Charlotte Mason was a proponent of nature and being outdoors. She strongly encouraged parents to permit their children to live and learn and play outside in nature as much as possible. 
Never be within doors when you can rightly be without.
She said, ". . . a mother's first duty to her children is to secure for them a quiet growing time, a full six years of passive receptive life, . . . spent for the most part out in the fresh air." This allows for sightseeing, observation or perception, and expression. Being able to observe or perceive also leads to discernment with very little instruction or talk from Mother. In fact, least said the better. Children will make the connections on their own.

Mason made the case that education is based on natural law. She said, ". . . the chief function of the child - his business in the world during the first six or seven years of his life - is to find out all he can, . . . by means of his five senses; that he has an insatiable appetite for knowledge . . . ; the endeavor of his parents should be to put him in the way of making acquaintance . . . with Nature . . . ; the intellectual education of the young child should lie in the free exercise of perceptive power because the first stages of mental effort are marked by the extreme activity of this power; and the wisdom of the educator is to follow the lead of Nature . . ." (Where I said in the margin, "Wow! Public education has this completely opposite.")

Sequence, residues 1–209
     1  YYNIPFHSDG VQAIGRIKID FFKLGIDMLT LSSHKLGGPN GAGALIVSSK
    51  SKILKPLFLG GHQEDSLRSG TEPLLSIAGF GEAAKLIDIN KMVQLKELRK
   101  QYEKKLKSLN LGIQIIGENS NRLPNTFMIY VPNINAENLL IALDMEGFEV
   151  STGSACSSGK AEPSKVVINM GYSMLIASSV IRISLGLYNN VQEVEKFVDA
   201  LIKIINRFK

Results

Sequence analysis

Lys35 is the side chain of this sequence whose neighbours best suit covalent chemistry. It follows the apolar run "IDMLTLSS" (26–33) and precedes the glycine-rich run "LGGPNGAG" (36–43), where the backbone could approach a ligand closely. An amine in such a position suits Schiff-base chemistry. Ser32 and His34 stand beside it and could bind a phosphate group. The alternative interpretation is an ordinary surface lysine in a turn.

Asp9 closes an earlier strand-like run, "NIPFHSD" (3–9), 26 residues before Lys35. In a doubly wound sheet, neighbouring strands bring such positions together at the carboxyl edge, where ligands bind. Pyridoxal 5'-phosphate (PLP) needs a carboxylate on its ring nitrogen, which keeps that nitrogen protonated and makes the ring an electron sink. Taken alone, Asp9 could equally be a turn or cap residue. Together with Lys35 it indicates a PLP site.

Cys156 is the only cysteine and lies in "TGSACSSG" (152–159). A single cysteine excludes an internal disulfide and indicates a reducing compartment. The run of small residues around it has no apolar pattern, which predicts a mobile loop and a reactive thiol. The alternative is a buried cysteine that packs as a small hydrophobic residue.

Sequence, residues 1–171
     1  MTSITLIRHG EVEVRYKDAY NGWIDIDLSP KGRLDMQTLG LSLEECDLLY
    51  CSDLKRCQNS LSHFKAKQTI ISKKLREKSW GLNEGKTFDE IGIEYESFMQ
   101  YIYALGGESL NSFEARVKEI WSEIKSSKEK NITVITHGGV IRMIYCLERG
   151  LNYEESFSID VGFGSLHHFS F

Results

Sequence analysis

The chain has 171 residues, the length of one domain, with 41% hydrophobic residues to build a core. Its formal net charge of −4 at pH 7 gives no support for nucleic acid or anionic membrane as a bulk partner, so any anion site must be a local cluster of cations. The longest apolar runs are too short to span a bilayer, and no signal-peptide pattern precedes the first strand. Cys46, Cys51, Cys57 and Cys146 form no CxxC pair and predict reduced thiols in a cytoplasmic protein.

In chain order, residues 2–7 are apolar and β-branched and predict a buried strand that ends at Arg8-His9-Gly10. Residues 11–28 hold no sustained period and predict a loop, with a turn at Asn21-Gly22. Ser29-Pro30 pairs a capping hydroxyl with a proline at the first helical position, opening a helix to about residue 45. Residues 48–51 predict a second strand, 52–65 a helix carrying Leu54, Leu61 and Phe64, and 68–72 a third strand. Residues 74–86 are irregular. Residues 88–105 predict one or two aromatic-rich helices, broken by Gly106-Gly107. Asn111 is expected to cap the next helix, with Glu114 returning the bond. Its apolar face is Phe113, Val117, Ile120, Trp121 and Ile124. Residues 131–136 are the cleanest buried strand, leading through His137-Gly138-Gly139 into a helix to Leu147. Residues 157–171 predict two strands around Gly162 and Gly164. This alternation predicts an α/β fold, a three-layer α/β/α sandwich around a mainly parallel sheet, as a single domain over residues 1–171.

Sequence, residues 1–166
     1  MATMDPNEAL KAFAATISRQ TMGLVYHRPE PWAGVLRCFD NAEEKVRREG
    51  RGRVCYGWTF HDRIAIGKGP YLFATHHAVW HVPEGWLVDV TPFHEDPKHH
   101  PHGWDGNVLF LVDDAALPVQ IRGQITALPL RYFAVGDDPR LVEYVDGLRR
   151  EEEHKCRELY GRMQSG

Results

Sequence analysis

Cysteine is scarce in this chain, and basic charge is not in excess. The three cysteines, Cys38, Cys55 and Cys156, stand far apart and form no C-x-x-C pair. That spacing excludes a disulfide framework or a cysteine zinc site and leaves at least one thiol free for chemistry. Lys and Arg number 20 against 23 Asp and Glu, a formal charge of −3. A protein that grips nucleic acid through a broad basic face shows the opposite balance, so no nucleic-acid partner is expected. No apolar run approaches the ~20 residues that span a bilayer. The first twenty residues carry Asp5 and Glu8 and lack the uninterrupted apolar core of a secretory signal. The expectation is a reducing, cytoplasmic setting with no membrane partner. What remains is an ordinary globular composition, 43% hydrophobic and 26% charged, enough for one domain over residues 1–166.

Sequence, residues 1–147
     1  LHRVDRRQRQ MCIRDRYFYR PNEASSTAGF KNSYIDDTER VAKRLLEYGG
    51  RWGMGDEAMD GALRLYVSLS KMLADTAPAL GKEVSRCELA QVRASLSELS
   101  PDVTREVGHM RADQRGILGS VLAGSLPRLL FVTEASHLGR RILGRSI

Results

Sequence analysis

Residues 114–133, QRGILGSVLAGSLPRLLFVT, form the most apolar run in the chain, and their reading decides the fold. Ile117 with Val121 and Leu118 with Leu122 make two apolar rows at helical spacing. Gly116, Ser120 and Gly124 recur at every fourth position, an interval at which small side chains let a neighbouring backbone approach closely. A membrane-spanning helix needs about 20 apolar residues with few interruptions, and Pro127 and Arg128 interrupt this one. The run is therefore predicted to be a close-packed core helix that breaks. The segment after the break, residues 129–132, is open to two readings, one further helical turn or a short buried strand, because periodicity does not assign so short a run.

There is a long section on habits and habit formation:
The formation of habits is education, and Education is the formation of habits.
She explained why it is important for the educator (Mom) to teach the child moral strength and purpose and self-control over his own nature. Habits that help a child are habits that work against nature because Mason knows that unruly human nature is contrary to God's law, which is written on a man's heart. Educators must teach them habits which "lead them in ways of order, propriety, and virtue."
The mother who takes pains to endow her children with good habits secures for herself smooth and easy days; while she who lets their habits take care of themselves has a weary life of endless friction with the children.